Tagged "a vitaphone Pepper Pot," An All-Colored Vaudeville Show (1935) is nonstop high-end entertainment of the era.
The show begins with the "least" of the acts, but still fun. The Three Whippets are a tumbler act, three guys dressed like chefs who hop, leap, hand-stand, do the splits balanced on the back of two chairs, flipping through the air with acrobatic extremeness.
As they zip about, the song "Nagasaki" by Harry Warren & Mort Dixon is blasting away.
Brooklyner Adelaide Hall is next up. She sings "To Love You Again" in a classically trained mode, with the sentiment: "I never meant it when I said we were through." Adelaide had been a Broadway star in the 1920s, & recorded "Creole Love Call" with Duke Ellington in 1927.
In the 1930s she went to London for a starring role in a stage review, becoming so beloved by English audiences that she just never returned to the United States.
She became the first black woman to have a BBC radio show of her own, & established her own nightclubs in London & Paris.
To see Adelaide in An All-Colored Vaudeville Show is a complete treat, cuz what a talent she was. At the instrumental break for her number, she bursts into tap, holding up her evening gown, as if singing that well weren't talent enough for anybody.
Though the song begins conservatively enough, it gets livelier until she is scatting. Her "wordless improvisations" are said by some to be the earliest scat jazz, an influence on Louis Armstrong who influenced everyone else.
Third act is the Nicholas Brothers, who are just so damned young here.
Harold & Fayard would mature into the best tappers the world has ever known, but how on earth could they be this good at such young ages? We're seeing Fayard at age twenty & Harold is a scant thirteen!
Eunice Wilson is the fourth act, backed up by The Five Racketeers. Eunice sings "I Don't Know Why" written by Fred E. Ahlert & Roy Turk. It's a "zazu-zass" number & a total marvel from the lips of such a beauty.
I can't think of a living singer this exciting, performing at the opposite end from tragic blues, a happy-go-lucky attitude like one got from Cab Calloway or Louis Jordan or Louis Armstrong, but rarely from the gals.
Her back-up band gets its own chance to shine with a rendition of "Hold that Tiger" aka "Tiger Rag."
I'd been so wowed by Eunice that I didnt' notice the backdrop was a giant watermelon, but focusing the camera further back on the stage to catch the Racketeers, it's hard to ignore the stereotyping reference.
But the show's been so good, even that seemed amusing instead of an intrusion of the usual idiocy.
The five young men consist of guitars & a drummer, with added "fake instruments" as is a tradition with "Tiger Rag." The drummer leaps from his seat & drums the walls & stage.
Then Eunice Wilson rushes back in for the big finale for a Tiger Rag tapdance. If I had one-one-hundredth of that degree of talent I'd be so effing full of myself.
Russell Weathercoop & his date Virginia (Russell Morrison & Virginia Pine) are a ritzy-ditzy seeming couple to be dropping in at a jazz club. Russell is in fact a producer scouting for new talent.
They're listening to Teddy Wilson & His Band. Although Russell is impressed -- Teddy Wilson was in fact a great jazz pianist. The ritzy couple were impressed, but Russell was really looking for a gal singer.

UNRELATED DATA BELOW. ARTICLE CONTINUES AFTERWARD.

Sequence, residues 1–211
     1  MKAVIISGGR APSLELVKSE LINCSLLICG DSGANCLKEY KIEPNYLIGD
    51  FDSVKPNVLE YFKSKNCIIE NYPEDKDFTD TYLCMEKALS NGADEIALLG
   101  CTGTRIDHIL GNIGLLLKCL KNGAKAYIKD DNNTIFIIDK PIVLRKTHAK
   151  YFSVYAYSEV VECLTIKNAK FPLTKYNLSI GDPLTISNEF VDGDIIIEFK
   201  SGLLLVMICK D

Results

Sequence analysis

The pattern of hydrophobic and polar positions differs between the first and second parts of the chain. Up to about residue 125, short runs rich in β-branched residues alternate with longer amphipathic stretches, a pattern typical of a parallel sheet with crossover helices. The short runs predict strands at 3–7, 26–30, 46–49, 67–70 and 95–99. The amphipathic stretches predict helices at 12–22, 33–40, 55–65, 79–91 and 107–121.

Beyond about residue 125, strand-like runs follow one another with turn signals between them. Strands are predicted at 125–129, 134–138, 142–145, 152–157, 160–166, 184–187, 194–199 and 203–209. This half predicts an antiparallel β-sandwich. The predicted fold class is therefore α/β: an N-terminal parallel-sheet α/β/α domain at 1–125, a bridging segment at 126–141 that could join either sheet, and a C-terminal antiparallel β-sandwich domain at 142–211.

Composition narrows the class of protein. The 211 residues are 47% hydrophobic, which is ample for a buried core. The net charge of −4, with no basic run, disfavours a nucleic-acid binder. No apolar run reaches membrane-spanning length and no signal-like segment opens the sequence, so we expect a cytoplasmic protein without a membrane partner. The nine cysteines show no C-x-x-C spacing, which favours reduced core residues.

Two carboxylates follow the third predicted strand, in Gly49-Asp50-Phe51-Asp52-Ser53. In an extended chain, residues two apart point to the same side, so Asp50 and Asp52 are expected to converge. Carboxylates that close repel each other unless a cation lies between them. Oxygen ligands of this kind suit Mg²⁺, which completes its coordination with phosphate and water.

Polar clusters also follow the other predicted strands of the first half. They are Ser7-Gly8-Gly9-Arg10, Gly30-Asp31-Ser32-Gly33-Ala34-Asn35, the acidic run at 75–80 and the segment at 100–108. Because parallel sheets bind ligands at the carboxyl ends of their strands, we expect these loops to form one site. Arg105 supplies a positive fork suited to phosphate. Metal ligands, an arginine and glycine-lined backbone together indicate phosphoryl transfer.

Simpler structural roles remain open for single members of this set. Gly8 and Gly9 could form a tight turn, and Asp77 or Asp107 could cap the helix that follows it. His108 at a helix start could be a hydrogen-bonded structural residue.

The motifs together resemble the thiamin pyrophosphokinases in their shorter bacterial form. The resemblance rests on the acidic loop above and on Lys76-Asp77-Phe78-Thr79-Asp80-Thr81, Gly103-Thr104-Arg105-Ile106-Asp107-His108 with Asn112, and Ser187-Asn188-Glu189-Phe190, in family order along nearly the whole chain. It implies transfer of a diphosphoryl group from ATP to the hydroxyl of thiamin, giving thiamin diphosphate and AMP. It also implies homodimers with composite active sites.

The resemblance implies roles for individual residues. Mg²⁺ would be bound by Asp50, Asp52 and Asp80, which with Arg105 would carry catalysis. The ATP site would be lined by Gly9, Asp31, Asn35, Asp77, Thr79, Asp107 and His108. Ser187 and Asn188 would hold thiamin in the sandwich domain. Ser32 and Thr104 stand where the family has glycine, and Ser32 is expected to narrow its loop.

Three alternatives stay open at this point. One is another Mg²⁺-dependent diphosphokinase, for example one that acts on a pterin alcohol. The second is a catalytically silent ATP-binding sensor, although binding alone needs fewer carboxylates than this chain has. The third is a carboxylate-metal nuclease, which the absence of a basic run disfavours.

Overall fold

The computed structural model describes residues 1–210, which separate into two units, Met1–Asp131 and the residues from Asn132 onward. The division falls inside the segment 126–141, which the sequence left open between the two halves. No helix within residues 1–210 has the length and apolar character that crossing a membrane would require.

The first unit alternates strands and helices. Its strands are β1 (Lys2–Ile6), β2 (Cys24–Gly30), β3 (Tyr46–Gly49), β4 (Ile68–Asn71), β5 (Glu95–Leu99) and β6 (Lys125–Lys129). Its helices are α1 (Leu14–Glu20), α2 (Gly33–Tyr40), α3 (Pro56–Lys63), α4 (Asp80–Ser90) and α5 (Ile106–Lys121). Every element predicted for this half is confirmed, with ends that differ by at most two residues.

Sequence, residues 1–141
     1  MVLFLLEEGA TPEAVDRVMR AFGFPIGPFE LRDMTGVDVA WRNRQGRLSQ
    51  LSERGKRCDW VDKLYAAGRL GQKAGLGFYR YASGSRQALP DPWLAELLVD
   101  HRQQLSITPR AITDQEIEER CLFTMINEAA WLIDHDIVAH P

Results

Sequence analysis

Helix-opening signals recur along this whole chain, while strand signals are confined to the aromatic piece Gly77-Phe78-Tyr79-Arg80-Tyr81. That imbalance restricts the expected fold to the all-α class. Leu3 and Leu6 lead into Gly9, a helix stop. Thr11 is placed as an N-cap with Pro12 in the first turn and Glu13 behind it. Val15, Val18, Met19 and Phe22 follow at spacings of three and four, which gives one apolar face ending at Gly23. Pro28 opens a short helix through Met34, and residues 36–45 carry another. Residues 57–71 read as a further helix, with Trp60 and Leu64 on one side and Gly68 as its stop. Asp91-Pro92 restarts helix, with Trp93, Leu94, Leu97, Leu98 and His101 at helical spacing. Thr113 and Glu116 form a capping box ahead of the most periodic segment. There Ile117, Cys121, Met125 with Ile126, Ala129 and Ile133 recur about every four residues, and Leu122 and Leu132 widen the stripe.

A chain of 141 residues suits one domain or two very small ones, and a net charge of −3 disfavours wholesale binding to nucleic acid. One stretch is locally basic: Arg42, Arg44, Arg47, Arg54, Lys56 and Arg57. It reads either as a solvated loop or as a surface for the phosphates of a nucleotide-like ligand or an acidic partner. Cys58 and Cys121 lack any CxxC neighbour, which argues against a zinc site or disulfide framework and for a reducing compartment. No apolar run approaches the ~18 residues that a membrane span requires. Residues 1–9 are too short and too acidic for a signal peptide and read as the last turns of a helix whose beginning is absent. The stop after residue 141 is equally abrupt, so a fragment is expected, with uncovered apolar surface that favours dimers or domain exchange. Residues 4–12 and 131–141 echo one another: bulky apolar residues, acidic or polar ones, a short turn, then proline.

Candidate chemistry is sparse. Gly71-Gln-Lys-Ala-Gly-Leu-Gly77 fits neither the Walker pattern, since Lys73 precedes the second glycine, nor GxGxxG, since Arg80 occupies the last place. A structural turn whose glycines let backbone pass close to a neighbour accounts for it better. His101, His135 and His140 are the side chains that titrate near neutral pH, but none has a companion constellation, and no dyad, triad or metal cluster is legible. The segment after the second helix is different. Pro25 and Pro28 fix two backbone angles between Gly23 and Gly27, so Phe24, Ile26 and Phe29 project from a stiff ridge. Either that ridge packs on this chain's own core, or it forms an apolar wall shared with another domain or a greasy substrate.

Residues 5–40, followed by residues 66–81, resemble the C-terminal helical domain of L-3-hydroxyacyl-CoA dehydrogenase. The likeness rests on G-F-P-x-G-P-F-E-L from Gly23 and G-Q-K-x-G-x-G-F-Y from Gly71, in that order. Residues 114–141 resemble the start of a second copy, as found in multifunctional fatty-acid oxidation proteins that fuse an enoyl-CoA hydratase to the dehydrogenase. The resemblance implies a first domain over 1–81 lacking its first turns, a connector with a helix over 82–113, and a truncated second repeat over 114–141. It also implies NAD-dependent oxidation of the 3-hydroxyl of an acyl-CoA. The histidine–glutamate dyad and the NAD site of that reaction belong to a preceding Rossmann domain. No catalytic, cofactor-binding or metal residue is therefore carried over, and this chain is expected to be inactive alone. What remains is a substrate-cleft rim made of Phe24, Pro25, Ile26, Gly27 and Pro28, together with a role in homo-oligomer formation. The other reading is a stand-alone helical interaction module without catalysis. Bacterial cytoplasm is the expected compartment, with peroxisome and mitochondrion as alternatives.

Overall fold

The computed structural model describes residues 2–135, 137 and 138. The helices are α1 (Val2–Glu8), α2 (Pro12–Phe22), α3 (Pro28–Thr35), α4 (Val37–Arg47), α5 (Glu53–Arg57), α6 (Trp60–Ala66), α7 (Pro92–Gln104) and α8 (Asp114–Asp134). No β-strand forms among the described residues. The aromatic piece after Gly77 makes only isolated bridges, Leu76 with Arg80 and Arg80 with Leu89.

=He's about to leave, but Virginia has to powder her nose first. That's when he hears an amazing jazz singer in the kitchen. It's Lena Horne, & now Russell's really impressed.
In her apron, drying dishes, she sings the blues number "Brand New Evening Gown" which runs: "I wish I had a brand new evening gown/ I wish they'd let me sing some lowwww down blues/ I wish I didn't have to keep on polishing these glasses/ I swear I'd never never wish anymore."
So far as Lena knows, the only people in the world who can hear her are her two pals, handyman Albert (Albert Ammons) & piano tuner Pete (Pete Johnson).
Pete's been adjusting the piano & played along with Lena's blues. But now he goes then goes into a boogie-woogie riff. And since for some bizarre reason there are two pianos in the kitchen, Albert sits at the other one.
While they're fantasizing they're a jazz trio performing at this very cafe, the handyman & tuner begin to play title instrumental Boogie-Woogie Dream (1944), written by Albert Ammons & Pete Johnson.
Inexplicably, it really becomes a dream. No longer in her work clothes, Lena's wearing a fine gown & Albert & Pete are in white tuxes, each at their own grand piano.
With the two pianos going full blast, it's simply terrific, with those big guys Albert & Pete elegant as all hell. Then Lena starts a fairly straightforward blues number, the Teddy Wilson composition "Unlucky Woman."
And, oh, what a beauty Lena was, rendered the more beautiful when she sings! Teddy's band materializes by magic to accompany her:
"I was born on a Friday, married on a Friday too/ Yes I was born on a Friday, married on Friday too/ Never had no bad luck, no bad luck, until the day I met you."
Alas she awakens from the mystical "group dream" & she & her two pals are still only in a kitchen. The phone is ringing, & somebody asking for a Mr. Weathercoop. That guy was sound asleep with his girlfriend virginia And they too shared the mystic dream.
Russell takes the phone call & assures someone he's been working hard all night & has found exactly what the show needs. He hangs up & invites Lena, Pete, & Albert on a sure-thing audition.
This one-reel musical packs in a lot, all of it magic. A pleasant fantasy tale & great music, from Official Films which in the 1940s produced a lot of soundies for use is visual jukeboxes. In 1941 the company would chop this little gem of a film into fragments to recycle for that purpose.
copyright © by Paghat the Ratgirl